“We’re not trampling on anything – this is a discussion,” Shea said.

“I used strong language”¦this is my life investment,” Burke said.

Gray again argued differently. “Property rights are strong, but not unfettered. There is zoning and the right to request changes if it is in the best interests of the community. I agree about property rights – but that has to be qualified,” she said. Both Burke and Rodenhausen said that the owner’s easement over the road is limited to “ordinary use” and that commercial use would create traffic that would go beyond “ordinary.” Chris Jarero, chief legal officer for Castle Rock LLC, countered that “ordinary use” would be interpreted differently under HPUFO since it permits commercial activities.

Will proposals preserve “a unique jewel?
Fred Osborn, a descendant of the castle’s builder, and owner of Cat Rock, a Philipstown estate that is used to host weddings and other events, wants to see the Osborn Castle preserved, but doesn’t think the proposed overlay is the way to do it. “I have an enormous interest in preservation. At Cat Rock we’ve looked at various options, a conference center etc. In each case we explored business plans, but in each case there was caveat with the developer – ‘We’ll need town board approval.’ It is absolutely unnecessary to solve one problem by [adopting] this overlay. It’s overkill,” he said.

“You will have the specifics for any project proposed,” Jarero said. “Property values would increase. Until now the owner has been willing to invest a lot of money. It needs structural repair. We can’t do that until we know what we can do. I don’t want to throw away more money “without knowing we have a chance.”

“That’s a risk every entrepreneur takes,” said Doug Banker, another neighboring property owner.  “It [the castle] is a unique jewel, not just for Philipstown but for the whole country. The idea of sullying it with commercial activity is outrageous,” he told Philipstown.info after the meeting. He also said the site is not suited for commercial uses. “It’s small, and the rooms in the castle are small.” Banker said that the owner has let the building deteriorate over the past 25 years. “Are they doing this for preservation? Baloney!” Board member John Van Tassel was more empathetic towards the owner. “Spending a million dollars on the roof tells me they want to preserve it,” he said.  He contrasted the castle with the historic Loretto Rest property in Cold Spring, which he described as “a horrible eyesore, ready to fall down.”

Views differ widely
Andy Chmar, executive director of the Hudson Highlands Land Trust (HHLT), expressed concern over the broad reach of the proposed overlay. “Zoning is established for the benefit of the entire community – not individual property owners. This law would not just give this [town] board but any future town board, authority to permit any use it deems appropriate for any property it deems historically significant.” He described the overlay as “an atomic bomb.”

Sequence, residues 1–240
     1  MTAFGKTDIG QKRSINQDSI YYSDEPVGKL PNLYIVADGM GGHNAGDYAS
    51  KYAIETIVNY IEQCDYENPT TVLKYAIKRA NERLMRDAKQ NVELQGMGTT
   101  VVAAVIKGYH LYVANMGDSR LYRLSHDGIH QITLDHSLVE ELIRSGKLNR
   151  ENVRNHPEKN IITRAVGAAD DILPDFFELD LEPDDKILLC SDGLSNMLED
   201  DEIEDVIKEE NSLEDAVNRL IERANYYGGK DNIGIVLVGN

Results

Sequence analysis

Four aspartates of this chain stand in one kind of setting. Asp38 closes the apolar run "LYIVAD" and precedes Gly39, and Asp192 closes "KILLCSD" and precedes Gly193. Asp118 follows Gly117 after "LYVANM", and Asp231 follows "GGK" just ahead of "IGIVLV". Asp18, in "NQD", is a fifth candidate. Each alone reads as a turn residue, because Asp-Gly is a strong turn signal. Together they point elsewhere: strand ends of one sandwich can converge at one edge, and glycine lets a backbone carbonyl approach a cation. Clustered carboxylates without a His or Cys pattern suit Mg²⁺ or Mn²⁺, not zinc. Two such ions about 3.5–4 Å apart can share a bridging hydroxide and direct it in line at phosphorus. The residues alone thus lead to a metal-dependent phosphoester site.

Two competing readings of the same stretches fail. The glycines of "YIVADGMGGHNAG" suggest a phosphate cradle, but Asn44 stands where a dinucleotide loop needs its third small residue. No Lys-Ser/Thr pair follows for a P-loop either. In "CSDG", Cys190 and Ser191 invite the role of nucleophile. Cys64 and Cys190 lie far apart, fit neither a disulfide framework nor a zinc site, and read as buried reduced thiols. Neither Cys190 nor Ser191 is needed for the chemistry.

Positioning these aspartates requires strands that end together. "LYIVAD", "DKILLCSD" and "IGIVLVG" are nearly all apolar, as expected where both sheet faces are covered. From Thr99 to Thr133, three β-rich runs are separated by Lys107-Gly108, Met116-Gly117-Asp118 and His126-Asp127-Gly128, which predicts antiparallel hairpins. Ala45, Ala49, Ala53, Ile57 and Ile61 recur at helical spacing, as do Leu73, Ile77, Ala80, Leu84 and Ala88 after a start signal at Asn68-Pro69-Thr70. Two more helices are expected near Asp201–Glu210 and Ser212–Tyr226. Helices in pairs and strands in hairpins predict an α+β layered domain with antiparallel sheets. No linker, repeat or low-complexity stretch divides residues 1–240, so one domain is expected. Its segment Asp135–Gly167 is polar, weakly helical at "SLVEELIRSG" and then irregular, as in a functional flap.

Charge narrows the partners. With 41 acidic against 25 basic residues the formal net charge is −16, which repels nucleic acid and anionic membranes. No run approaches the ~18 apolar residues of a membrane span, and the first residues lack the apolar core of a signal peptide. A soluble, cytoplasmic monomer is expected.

Philipstown resident Dave Vickery described the overlay much differently. “HPUFO is an inspired document. And I know that the word ‘no’ is used by [town] boards and used very well. Frivolous ideas will be quashed pretty readily. As for this particular proposal, if this came before the board the answer would be ‘no’- come back with another proposal. I think the law is potentially good. If there is control through the boards.”

Is compromise possible?
Shea seemed somewhat pessimistic, yet hopeful. “I’m not naive. This will likely go to litigation of some sort. Everyone wants to see the castle preserved.  Ideally, maybe Castle Rock, the neighbors and maybe the town can get together,” he said. Board member Nancy Montgomery requested that a list be drafted of the 38 properties that could be affected by HPUFO. In its current form it doesn’t list such properties or define in detail what constitutes “historically significant.”  She would also like see conceptual plans from Castle Rock LLC. “I’m uneasy not knowing the intent for the property. It’s not uncommon for developers to present plans. It doesn’t have to be detailed “but there has to be some idea,” she said. Barbara Scuccimarra, the only Republican on the town board, who, along with fellow board member Betty Budney, worked on the HPUFO said, “It’s a compromise situation. If parties can work it out it would behoove us all. We don’t want to end up in court.”

Chickens or eggs? Increased or decreased property values? Economic development or loss of a treasured local historic site? A specific proposal or HPUFO? An “atomic bomb” or an effective preservation tool?  Compromise or litigation? Time will tell.
Photos by M. Turton